However, with prolonged use, the child will suffer from a “rebound” effect whereby the blood vessels will swell up, and the whole area will get blocked, leaving the child more congested and restless (7).

Several cold medications sold in pharmacies or drug stores do not treat the cause of the cold. These medications only alleviate the symptoms of a bad cold to some extent.

Most doctors suggest the use of a vaporizer or an effective humidifier in the room during bedtime, which naturally increases the amount of moisture in the air (8). The humidity might help loosen the mucus and clear the nasal passages.

[ Read: Allergies In Children ]

Can Allergic Nasal Sprays Affect Kids’ Growth?

Some children are forced to resort to the use of a nasal spray to alleviate the symptoms of an allergy. These steroid-based sprays are generally safe with some mild local side-effects. There are some concerns regarding growth restriction if used excessively and in high doses. These sprays will not be used as first-line treatment in young kids but might be indicated in some cases. Your pediatrician will be able to advise on wich of these sprays will be best suited and how often to use them. If the symptoms are recurrent and really due to allergies then these might be needed as chronic medication.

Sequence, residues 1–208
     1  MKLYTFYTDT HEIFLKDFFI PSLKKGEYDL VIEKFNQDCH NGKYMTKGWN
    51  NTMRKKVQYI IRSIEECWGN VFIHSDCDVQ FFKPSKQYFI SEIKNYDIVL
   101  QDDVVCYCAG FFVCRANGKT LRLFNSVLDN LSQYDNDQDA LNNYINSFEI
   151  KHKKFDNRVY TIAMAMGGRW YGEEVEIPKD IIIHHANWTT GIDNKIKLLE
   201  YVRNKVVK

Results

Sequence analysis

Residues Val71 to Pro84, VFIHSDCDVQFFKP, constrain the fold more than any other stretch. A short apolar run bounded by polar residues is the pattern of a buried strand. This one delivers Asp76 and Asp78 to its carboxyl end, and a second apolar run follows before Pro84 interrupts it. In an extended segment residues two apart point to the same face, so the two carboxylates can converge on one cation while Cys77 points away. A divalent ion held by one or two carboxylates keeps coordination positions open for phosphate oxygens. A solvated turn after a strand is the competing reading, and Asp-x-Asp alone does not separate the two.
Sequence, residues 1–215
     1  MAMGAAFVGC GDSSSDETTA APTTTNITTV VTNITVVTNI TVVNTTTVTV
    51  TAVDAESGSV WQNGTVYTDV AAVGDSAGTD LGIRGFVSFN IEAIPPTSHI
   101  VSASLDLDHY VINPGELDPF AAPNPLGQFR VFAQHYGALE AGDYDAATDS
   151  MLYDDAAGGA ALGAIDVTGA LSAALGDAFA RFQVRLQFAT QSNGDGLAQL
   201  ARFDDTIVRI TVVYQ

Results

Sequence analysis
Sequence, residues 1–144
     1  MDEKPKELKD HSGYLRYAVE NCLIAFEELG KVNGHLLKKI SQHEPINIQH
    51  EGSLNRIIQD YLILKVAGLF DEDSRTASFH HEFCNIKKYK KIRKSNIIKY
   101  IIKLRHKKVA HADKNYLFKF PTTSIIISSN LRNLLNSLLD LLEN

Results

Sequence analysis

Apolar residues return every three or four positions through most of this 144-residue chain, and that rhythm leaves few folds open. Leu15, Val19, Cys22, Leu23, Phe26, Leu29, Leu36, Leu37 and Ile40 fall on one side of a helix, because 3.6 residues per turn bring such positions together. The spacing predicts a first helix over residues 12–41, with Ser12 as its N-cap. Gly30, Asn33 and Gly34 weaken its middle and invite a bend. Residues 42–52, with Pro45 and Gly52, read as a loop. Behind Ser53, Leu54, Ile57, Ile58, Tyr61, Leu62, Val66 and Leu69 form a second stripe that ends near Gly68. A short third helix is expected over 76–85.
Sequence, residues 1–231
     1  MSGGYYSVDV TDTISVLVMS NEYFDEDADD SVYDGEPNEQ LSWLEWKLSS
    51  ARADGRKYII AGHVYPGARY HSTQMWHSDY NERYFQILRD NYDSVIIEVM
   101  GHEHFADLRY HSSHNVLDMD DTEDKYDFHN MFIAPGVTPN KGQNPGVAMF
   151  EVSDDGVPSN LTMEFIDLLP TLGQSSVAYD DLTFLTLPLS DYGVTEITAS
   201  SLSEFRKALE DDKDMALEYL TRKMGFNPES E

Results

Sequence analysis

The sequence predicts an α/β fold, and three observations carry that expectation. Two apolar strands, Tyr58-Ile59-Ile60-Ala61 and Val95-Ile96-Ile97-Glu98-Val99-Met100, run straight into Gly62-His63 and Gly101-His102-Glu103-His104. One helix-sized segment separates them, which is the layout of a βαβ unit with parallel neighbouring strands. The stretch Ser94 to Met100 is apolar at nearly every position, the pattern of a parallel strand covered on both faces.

Do not overuse a nasal spray, especially if your child is still very young. Children older than six are more resilient. However, it is still suggested that you limit the use of nasal sprays. Instead, opt for safer and more natural remedies that don’t just alleviate the symptoms, but also relieve discomfort without any side effects.

Home Remedies For Congestion In Kids:

1. Steam:

Breathing in steam moisturizes the nasal passage and loosens the mucus (9). Using a humidifier or cold mist vaporizer in your child’s room can help relieve his congestion in a couple of days. Alternatively, you can steam up the bathroom and let your child sit inside for a few minutes.

2. Vapor Rubs:

If your child is four years or above, you can use eucalyptus oil, which will produce a cooling sensation and decongest your child’s chest and nose.Just dab on your child’s nose and it will open up the breathing passage.

[ Read: Vicks VapoRub For Kids ]

3. Warm Liquids:

Consuming warm fluids also help in decongesting the chest. Make your child some chicken broth or soup. You will be surprised at how soon the congestion will be gone. Warm liquids, chicken soup, especially, can do wonders in treating a congestion naturally. It also will drive away other symptoms like tiredness and fever, and you will see your child smiling in no time at all.

These simple tricks will help your child get past the stuffy-headed misery and breathe easier. If the cold gets worse or your child is less animated than usual, you need to rush him to the hospital immediately and never self-medicate. Do you use kids nasal sprays to relieve congestion? Tell us here.